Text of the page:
Browsing the archives for the civility tag.

Managing People: Don’t become a therapist (part 3)

Geek 5, Managing people

Last week, we discussed the importance of not becoming a therapist and covered common “therapy” scenarios of medical concerns and family drama.  Those are the heavy hitters.  But there are some other common scenarios that can also be therapy risks, time sucks and just plain annoying. 

3.  Personal disputes at work– Sometimes the workplace starts to feel like junior high.  Cliques get formed, disputes start, petty bickering ensues.  These disputes are usually based on personal conflicts and not work-related issues.  As the boss, you might get pulled in as a referee.  Whatever you do, stay out of it!  Set the expectation that the workplace is a professional environment and civility is expected.  If someone asks you to deal with someone else, send them back to deal with the issue face-to-face like a calm adult.  If it is bickering and not substantive (harassment, etc.) then it is not your problem.  Tell the juveniles to deal with it themselves and then hold them accountable for professional etiquette.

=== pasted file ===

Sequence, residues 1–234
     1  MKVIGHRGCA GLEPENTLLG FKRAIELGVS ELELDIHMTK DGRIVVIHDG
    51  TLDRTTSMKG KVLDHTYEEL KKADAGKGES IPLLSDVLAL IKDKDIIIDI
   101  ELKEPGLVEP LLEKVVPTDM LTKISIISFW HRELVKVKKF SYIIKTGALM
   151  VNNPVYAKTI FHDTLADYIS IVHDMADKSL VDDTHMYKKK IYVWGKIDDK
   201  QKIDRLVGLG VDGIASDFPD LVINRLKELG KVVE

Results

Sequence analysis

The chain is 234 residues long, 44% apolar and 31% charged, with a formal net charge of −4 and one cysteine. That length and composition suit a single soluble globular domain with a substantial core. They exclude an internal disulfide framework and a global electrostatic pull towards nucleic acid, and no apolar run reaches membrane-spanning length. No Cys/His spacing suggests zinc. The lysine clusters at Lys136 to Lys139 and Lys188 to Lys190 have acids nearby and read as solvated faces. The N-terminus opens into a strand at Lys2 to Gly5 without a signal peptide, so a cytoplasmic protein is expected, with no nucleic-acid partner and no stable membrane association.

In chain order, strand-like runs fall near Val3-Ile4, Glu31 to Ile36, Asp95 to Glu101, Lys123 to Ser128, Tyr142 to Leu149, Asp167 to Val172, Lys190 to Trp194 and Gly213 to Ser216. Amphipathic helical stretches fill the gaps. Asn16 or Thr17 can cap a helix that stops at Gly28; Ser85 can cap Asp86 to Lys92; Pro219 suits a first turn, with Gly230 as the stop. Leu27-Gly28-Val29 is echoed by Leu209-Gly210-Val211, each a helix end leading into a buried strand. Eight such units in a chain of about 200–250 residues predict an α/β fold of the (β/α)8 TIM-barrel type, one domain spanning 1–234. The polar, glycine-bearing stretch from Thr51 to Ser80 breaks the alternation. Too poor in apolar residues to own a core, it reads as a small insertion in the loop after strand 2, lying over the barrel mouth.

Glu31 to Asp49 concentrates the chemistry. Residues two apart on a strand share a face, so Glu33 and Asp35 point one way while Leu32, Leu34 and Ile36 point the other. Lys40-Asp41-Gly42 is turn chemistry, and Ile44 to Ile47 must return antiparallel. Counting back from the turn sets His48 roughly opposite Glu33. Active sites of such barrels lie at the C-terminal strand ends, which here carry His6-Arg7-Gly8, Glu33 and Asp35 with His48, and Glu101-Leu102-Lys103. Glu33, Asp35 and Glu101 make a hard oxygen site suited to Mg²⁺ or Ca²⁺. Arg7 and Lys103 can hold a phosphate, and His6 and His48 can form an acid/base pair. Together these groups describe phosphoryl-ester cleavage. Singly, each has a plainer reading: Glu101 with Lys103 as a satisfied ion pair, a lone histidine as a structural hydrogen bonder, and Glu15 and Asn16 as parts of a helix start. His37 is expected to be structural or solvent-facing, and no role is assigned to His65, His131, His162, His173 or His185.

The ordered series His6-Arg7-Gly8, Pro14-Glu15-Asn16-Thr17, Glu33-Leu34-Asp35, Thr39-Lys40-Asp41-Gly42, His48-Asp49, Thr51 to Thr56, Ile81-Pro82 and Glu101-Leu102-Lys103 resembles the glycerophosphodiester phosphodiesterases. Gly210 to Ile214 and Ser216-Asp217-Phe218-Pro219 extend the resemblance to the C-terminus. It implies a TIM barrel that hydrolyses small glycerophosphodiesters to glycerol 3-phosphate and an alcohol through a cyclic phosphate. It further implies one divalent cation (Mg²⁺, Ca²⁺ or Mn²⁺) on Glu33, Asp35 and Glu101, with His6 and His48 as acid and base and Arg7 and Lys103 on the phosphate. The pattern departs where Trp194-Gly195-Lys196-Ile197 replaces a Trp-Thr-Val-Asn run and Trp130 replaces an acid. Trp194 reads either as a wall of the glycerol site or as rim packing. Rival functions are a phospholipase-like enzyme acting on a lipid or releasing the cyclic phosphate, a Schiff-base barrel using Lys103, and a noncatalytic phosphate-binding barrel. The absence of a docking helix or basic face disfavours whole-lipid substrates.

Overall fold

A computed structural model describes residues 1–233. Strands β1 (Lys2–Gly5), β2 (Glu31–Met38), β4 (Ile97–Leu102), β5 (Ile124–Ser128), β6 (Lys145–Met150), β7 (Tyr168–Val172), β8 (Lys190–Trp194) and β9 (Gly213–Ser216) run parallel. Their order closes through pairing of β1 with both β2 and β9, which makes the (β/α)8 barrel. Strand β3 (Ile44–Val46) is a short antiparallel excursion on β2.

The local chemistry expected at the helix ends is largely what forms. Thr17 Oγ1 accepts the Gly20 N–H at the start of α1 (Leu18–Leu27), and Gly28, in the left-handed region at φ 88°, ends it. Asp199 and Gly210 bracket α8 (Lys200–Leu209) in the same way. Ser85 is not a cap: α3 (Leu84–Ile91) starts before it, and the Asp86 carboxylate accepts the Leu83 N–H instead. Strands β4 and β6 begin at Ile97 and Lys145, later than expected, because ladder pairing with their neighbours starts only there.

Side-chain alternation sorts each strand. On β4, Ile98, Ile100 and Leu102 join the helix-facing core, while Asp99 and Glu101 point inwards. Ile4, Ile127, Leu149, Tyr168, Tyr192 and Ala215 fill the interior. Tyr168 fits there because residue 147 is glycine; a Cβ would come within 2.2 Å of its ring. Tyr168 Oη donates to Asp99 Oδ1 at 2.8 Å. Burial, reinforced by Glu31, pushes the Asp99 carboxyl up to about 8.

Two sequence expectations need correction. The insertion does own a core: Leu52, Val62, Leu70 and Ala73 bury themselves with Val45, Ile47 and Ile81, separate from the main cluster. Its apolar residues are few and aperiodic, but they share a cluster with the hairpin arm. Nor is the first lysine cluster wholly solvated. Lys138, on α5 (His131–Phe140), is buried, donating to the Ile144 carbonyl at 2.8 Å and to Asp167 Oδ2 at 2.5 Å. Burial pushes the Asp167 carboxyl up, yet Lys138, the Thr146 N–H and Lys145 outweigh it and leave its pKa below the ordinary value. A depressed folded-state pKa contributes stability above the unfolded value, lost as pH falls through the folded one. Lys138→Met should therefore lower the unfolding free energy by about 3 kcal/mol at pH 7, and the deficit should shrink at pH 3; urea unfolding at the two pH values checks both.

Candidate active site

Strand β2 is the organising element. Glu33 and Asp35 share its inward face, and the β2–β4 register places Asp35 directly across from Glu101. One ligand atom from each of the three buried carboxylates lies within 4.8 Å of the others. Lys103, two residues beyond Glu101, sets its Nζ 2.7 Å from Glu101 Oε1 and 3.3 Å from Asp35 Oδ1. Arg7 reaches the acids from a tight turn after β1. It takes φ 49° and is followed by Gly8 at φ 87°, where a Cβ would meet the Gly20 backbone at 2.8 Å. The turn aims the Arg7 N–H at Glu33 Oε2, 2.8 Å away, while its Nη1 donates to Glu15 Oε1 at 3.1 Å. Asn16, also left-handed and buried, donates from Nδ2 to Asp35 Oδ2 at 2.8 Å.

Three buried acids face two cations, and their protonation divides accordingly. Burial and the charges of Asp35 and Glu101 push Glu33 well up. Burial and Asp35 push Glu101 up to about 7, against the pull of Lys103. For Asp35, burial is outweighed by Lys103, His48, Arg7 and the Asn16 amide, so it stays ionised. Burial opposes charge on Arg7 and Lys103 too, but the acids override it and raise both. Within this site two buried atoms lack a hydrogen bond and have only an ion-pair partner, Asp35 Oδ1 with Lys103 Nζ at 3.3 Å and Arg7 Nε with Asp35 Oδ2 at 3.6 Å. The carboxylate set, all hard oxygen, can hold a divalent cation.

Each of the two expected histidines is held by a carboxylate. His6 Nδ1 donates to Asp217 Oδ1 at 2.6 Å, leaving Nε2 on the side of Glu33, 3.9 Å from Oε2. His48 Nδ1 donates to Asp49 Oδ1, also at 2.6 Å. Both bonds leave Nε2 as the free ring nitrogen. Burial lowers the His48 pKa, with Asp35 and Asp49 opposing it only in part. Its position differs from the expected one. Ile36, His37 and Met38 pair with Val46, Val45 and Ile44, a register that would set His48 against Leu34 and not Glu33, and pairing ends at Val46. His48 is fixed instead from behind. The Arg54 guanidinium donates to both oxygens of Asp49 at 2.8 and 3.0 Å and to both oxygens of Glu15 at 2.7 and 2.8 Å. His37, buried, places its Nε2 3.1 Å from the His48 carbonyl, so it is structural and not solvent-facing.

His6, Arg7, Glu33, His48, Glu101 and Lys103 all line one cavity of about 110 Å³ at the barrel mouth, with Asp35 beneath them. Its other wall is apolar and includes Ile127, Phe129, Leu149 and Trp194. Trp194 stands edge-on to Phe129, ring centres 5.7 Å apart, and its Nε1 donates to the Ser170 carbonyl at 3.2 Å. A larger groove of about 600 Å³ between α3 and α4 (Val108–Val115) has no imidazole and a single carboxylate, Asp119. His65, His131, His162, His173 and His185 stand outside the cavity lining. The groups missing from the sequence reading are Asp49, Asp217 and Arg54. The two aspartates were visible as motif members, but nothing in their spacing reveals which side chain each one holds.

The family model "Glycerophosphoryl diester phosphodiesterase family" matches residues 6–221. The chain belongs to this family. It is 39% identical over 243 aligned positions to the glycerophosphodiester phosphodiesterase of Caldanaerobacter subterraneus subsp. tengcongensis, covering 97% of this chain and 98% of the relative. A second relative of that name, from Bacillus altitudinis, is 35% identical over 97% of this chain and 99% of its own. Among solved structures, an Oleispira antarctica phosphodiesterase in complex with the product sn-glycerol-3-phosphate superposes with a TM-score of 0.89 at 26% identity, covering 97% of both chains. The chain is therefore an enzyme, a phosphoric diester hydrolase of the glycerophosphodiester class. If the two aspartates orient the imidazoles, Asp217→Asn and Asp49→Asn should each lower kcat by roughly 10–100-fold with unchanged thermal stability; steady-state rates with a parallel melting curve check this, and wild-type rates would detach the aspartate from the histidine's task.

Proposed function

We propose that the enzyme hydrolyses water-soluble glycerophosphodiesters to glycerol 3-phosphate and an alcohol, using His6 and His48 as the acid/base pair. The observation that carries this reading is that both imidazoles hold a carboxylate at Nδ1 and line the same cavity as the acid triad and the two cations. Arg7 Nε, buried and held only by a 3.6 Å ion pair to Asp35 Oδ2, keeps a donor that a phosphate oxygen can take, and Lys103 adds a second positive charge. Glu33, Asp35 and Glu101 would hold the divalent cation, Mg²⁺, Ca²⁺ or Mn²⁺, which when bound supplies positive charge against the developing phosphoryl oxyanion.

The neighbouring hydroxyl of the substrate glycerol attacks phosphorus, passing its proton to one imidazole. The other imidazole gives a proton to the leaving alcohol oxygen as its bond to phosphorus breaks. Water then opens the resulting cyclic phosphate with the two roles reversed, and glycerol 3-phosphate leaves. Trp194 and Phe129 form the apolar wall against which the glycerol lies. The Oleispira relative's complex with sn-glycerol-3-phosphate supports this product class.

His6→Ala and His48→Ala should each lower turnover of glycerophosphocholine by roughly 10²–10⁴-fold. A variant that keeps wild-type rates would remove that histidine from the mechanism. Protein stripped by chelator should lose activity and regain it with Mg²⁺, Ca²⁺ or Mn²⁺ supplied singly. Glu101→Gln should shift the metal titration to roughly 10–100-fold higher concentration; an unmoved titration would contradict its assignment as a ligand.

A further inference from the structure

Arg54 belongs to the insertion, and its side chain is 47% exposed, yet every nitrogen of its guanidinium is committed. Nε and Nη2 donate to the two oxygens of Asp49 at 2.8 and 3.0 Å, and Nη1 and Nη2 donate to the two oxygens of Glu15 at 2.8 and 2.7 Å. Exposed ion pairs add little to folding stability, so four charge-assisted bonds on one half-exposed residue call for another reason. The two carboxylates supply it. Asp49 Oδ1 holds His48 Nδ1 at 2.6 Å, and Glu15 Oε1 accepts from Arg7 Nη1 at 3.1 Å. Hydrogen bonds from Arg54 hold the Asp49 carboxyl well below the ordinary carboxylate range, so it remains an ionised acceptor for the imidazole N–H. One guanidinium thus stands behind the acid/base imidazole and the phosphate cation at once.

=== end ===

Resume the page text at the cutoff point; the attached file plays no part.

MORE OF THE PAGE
4.  Complaints about work environment– As innocuous as it seems, complaints about the work environment can be really tricky.  About a year ago, my company built some new buildings and everybody moved locations.  Some of the most contentious and complicated meetings I have ever attended revolved around seating arrangements.  Who was near who and who was near the window and which office was biggest?  Yikes!  Other common complaints involve noise, temperature, condition of equipment and location.  Sometimes these kind of disputes don’t have a good solution.  Sometimes you just have to say that it is what is is.  The work buzz has a funny article about power struggles over the thermostat.  It even provides strategies for dealing with it.  But as they remind us, no bathing suits at work!

5.  Just plain weird.  Sometimes as a manager you’ll get requests that are just plain weird.  Some involve drama and some don’t.   Ask Annie at Fortune covered some of these requests recently.  She discussed a CareerBuilders survey of 2,924 managers at U.S. companies that asked them to recall the most memorable perks employees have asked for lately.  Some of these involved tanning beds, jail time requests and clown variances.

 Above all, keep your sense of humor.  Focus your time on issues that will move the business the right direction.  Stay out of the petty dramas – your life will be easier if you do!

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